21. Gravatar of ssumner ssumner
    7. January 2010 at 19:11

    jean, Yes, I also thought it a bit overdone. But then Krugman thinks bubbles are more important than I do.

    Doc merlin. Maybe.

    Mike, I noticed that he doesn’t handle questions all that well. The problem with replacing him is that most of the profession seems to think he’s done a fine job. How many economists think money needed to be much more expansionary in late 2008, and also believe money needs to be more expansionary right now? Not many.

    TGGP, Yes, but the realists think it is then objectively TRUE, not just regarded as true.

    JimP, I agree, but I should add that the aggregates can be misleading. I think it more likely that we’ll get a sluggish recovery, rather than an outright double dip.

    Joe, Good point, does anyone know the hawk/dove split on the current FOMC?

  22. Gravatar of The Politics of Fed(merica) « It Don't Mean Much, These Seats are Cheap. The Politics of Fed(merica) « It Don't Mean Much, These Seats are Cheap.
    2. March 2010 at 01:45

    [...] status quo will likely remain. The FOMC is where good monetary theory goes to die [Ex.1A: Ben Bernanke]. The difference between populist rhetoric in politics and monetary policy is that the [...]

  23. Gravatar of TheMoneyIllusion » What if Ben Bernanke were in charge? TheMoneyIllusion » What if Ben Bernanke were in charge?
    31. May 2010 at 07:51

    [...] This is a shorted version of a much more complete analysis of Bernanke’s 1999 views here and here.  The differences are startling.  BTW, I hope these posts don’t sound too sarcastic.  I [...]

  24. Gravatar of TheMoneyIllusion » Strange new respect from Krugman TheMoneyIllusion » Strange new respect from Krugman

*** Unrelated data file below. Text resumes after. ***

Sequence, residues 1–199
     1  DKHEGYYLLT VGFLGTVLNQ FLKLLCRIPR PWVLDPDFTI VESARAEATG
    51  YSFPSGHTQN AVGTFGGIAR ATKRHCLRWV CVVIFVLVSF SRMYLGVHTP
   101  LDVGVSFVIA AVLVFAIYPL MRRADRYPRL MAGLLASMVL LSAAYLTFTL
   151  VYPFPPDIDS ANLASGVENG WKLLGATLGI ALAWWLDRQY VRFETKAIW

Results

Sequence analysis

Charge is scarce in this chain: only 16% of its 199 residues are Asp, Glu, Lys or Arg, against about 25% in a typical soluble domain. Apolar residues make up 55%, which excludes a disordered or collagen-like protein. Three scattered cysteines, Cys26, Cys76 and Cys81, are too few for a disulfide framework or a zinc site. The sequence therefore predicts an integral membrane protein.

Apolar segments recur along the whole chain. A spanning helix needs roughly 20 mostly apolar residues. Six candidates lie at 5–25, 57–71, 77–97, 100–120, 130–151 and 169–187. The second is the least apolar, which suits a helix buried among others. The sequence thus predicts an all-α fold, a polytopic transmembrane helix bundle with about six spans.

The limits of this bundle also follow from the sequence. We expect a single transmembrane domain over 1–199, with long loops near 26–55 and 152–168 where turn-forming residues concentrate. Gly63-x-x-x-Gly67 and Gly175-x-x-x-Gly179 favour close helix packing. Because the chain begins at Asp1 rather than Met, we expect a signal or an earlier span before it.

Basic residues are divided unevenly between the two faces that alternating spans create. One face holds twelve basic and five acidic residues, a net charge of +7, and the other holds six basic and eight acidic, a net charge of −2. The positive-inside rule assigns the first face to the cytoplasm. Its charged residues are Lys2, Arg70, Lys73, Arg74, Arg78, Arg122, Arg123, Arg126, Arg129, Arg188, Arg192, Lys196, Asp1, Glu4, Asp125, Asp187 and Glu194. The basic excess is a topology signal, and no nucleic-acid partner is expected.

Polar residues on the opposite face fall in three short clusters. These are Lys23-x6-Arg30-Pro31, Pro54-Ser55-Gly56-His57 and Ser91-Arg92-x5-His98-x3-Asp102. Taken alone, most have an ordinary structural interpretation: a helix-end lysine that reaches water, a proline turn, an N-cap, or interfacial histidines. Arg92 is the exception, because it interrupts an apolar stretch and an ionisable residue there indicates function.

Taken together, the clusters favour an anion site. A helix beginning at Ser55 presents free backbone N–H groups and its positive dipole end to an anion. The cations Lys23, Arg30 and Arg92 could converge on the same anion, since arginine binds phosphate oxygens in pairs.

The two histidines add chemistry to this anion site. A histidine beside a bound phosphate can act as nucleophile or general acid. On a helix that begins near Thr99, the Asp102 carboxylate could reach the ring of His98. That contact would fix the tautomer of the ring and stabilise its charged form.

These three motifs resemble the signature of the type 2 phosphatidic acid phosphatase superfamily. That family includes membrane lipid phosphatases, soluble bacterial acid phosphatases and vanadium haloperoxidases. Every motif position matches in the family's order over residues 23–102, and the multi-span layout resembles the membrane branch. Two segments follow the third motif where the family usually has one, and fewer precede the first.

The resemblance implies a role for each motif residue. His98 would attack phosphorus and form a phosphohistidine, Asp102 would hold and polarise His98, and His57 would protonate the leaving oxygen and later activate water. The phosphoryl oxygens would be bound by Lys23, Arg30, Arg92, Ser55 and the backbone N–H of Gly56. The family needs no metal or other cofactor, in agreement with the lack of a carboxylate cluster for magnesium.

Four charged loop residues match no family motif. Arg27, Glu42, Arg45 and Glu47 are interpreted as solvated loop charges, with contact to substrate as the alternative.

23. August 2010 at 10:26

    [...] similar posts, going over Bernanke’s writings on Japan with a fine tooth comb.  (Here and here and here, from January 2010, for instance.)   Krugman ends his post with this sarcastic comment: [...]

  25. Gravatar of TheMoneyIllusion » The lonely ones TheMoneyIllusion » The lonely ones
    18. September 2010 at 07:37

    [...] shifted far to the right since the days when Bernanke was criticizing the Japanese for showing a lack of boldness, a lack of what he called “Rooseveltian resolve.”  Or perhaps he finds himself [...]

  26. Gravatar of I Have a Moral Hazard Fantasy… « feed on my links I Have a Moral Hazard Fantasy… « feed on my links
    23. April 2011 at 11:28

    [...] Bernanke, stirred from his slumber, shrugs off his chains and leads the emerging Bern-umner consensus on financial crisis [...]

  27. Gravatar of TheMoneyIllusion » The most important meeting of the Obama presidency? TheMoneyIllusion » The most important meeting of the Obama presidency?
    10. August 2011 at 12:00

    [...] And there’s lots more ammo in this post and this [...]

  28. Gravatar of Catherine Catherine
    10. August 2011 at 18:26

    re: the Earth

    Ptolemy theorized that the Earth was round, but that knowledge was lost with knowledge of Greek.

    During Medieval times, people with access to ships knew that the Earth was round because when a ship disappeared from view over the horizon the mast was still visible. Obviously the ship hadn’t fallen off the edge of the Earth.

    The ancient Greeks apparently didn’t know how to make sails well enough to sail ships past the horizon.

Leave a Reply